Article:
After examining the papers, the King put them away and promised him an order on the Lord High Treasurer of the Extortion Department for a million tumtums.

"And here," said the Ingenious Patriot, pulling another paper from another pocket, "are the working plans of a gun that I have invented, which will pierce that armour. Your Majesty's Royal Brother, the Emperor of Bang, is anxious to purchase it, but loyalty to your Majesty's throne and person constrains me to offer it first to your Majesty. The price is one million tumtums."

Having received the promise of another check, he thrust his hand into still another pocket, remarking:

"The price of the irresistible gun would have been much greater, your Majesty, but for the fact that its missiles can be so effectively averted by my peculiar method of treating the armour plates with a new——"

The King signed to the Great Head Factotum to approach.

"Search this man," he said, "and report how many pockets he has."

"Forty-three, Sire," said the Great Head Factotum, completing the scrutiny.

"May it please your Majesty," cried the Ingenious Patriot, in terror, "one of them contains tobacco."

"Hold him up by the ankles and shake him," said the King; "then give him a check for forty-two million tumtums and put him to death. Let a decree issue declaring ingenuity a capital offence."


Two Kings

The King of Madagao, being engaged in a dispute with the King of Bornegascar, wrote him as follows:

"Before proceeding further in this matter I demand the recall of your Minister from my capital."

Greatly enraged by this impossible demand, the King of Bornegascar replied:

"I shall not recall my Minister. Moreover, if you do not immediately retract your demand I shall withdraw him!"

This threat so terrified the King of Madagao that in hastening to comply he fell over his own feet, breaking the Third Commandment.


An Officer and a Thug

A Chief of Police who had seen an Officer beating a Thug was very indignant, and said he must not do so any more on pain of dismissal.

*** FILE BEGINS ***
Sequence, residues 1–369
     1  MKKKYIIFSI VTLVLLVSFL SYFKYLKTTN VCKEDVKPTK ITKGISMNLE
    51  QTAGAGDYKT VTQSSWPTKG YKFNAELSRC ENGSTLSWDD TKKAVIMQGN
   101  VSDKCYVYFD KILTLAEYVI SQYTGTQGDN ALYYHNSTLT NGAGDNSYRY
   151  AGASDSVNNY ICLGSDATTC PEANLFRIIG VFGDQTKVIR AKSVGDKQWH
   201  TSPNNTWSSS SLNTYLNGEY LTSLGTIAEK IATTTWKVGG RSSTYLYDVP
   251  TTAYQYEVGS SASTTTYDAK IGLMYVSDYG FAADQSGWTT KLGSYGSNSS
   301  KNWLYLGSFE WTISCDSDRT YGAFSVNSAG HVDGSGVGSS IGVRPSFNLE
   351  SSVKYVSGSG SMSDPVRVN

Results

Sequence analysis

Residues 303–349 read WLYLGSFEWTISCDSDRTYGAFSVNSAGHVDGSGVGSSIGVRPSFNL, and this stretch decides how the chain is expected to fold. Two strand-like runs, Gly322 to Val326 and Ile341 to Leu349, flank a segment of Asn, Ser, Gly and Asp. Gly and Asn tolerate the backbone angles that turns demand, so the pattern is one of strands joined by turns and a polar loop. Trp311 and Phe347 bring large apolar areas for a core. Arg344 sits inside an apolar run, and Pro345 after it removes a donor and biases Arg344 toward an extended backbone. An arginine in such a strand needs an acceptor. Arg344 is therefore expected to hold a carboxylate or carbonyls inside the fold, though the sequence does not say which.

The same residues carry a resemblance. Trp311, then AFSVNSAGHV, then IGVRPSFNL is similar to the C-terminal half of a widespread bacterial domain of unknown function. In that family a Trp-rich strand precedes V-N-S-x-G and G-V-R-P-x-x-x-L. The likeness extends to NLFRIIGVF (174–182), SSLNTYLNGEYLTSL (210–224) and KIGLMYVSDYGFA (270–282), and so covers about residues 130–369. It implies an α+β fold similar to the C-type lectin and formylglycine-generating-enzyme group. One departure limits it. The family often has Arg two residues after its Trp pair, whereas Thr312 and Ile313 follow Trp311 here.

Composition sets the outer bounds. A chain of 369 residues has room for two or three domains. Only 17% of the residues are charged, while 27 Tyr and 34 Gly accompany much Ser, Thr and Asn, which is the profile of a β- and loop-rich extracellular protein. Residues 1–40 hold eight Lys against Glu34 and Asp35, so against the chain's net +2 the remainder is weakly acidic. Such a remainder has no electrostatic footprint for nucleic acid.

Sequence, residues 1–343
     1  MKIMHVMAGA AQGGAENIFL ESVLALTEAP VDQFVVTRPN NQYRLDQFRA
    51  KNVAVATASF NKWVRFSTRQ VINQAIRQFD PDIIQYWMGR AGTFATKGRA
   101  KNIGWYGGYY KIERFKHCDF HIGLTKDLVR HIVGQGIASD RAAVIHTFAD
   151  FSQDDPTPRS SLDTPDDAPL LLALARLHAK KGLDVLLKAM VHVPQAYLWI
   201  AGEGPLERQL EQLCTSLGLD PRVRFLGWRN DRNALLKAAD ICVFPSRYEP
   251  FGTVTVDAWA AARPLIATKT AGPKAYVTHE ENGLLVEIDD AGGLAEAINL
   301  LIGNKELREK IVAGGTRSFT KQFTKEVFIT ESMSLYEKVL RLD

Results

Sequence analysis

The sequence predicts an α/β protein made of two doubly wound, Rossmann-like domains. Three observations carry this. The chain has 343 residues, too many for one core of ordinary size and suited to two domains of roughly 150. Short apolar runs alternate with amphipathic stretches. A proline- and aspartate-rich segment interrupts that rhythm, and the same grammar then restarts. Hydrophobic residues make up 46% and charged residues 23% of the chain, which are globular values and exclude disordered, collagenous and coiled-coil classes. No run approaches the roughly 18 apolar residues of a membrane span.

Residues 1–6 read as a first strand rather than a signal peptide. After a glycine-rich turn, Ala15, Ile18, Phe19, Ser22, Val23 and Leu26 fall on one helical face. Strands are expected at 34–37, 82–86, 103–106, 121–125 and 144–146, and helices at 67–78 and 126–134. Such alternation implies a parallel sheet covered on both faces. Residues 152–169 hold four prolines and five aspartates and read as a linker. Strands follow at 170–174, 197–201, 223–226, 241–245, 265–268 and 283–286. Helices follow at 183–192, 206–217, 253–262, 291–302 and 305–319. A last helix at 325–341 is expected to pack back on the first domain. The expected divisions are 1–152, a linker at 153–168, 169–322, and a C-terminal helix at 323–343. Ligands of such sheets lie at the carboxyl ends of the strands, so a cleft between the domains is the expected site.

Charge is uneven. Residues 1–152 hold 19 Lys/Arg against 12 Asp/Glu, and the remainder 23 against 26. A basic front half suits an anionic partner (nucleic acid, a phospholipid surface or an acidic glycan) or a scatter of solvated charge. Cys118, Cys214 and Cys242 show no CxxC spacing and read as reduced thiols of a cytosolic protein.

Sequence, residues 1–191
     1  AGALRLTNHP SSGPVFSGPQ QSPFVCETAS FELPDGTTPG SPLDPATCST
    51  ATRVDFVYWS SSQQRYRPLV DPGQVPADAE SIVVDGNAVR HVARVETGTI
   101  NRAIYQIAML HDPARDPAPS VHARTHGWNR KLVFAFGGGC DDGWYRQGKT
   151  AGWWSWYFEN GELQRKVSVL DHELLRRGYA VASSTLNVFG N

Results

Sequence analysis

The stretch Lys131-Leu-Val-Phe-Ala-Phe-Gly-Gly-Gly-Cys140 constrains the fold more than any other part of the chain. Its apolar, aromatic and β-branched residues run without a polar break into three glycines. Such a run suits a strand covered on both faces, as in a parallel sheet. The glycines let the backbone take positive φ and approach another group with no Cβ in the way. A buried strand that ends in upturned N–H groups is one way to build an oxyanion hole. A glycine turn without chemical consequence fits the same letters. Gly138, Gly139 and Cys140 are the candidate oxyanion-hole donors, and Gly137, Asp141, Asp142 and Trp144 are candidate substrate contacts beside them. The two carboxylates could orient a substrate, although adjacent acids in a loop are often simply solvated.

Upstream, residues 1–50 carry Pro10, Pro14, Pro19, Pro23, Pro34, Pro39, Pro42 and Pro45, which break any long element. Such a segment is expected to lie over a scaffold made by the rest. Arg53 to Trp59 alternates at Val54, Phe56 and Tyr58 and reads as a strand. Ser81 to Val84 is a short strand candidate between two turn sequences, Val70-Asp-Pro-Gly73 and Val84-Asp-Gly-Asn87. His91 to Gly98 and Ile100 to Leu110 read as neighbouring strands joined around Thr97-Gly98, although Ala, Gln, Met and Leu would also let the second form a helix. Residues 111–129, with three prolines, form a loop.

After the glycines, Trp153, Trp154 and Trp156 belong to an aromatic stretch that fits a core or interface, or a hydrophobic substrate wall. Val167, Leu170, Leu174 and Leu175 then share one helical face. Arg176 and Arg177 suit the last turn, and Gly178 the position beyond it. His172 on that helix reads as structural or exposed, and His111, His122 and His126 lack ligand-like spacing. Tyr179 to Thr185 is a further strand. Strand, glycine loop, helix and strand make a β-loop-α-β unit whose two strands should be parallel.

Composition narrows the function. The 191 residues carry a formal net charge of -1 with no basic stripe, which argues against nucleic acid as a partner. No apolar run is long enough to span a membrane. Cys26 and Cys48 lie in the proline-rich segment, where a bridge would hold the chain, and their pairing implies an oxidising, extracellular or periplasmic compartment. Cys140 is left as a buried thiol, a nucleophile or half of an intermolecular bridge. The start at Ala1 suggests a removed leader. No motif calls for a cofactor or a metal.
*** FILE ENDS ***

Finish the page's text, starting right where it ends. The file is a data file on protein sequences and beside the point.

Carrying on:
"Don't be too hard on me," said the Officer, smiling; "I was beating him with a stuffed club."

"Nevertheless," persisted the Chief of Police, "it was a liberty that must have been very disagreeable, though it may not have hurt. Please do not repeat it."

"But," said the Officer, still smiling, "it was a stuffed Thug."

In attempting to express his gratification, the Chief of Police thrust out his right hand with such violence that his skin was ruptured at the arm-pit and a stream of sawdust poured from the wound. He was a stuffed Chief of Police.


The Conscientious Official

While a Division Superintendent of a railway was attending closely to his business of placing obstructions on the track and tampering with the switches he received word that the President of the road was about to discharge him for incompetency.

"Good Heavens!" he cried; "there are more accidents on my division than on all the rest of the line."

"The President is very particular," said the Man who brought him the news; "he thinks the same loss of life might be effected with less damage to the company's property."

"Does he expect me to shoot passengers through the car windows?" exclaimed the indignant official, spiking a loose tie across the rails. "Does he take me for an assassin?"


How Leisure Came

A Man to Whom Time Was Money, and who was bolting his breakfast in order to catch a train, had leaned his newspaper against the sugar-bowl and was reading as he ate. In his haste and abstraction he stuck a pickle-fork into his right eye, and on removing the fork the eye came with it. In buying spectacles the needless outlay for the right lens soon reduced him to poverty, and the Man to Whom Time Was Money had to sustain life by fishing from the end of a wharf.


The Moral Sentiment

A Pugilist met the Moral Sentiment of the Community, who was carrying a hatbox. "What have you in the hat-box, my friend?" inquired the Pugilist.

"A new frown," was the answer. "I am bringing it from the frownery—the one over there with the gilded steeple."

"And what are you going to do with the nice new frown?" the Pugilist asked.

"Put down pugilism—if I have to wear it night and day," said the Moral Sentiment of the Community, sternly.

"That's right," said the Pugilist, "that is right, my good friend; if pugilism had been put down yesterday, I wouldn't have this kind of Nose to-day. I had a rattling hot fight last evening with——"

"Is that so?" cried the Moral Sentiment of the Community, with sudden animation. "Which licked ? Sit down here on the hat-box and tell me all about it!"


The Politicians

An Old Politician and a Young Politician were travelling through a beautiful country, by the dusty highway which leads to the City of Prosperous Obscurity. Lured by the flowers and the shade and charmed by the songs of birds which invited to woodland paths and green fields, his imagination fired by glimpses of golden domes and glittering palaces in the distance on either hand, the Young Politician said: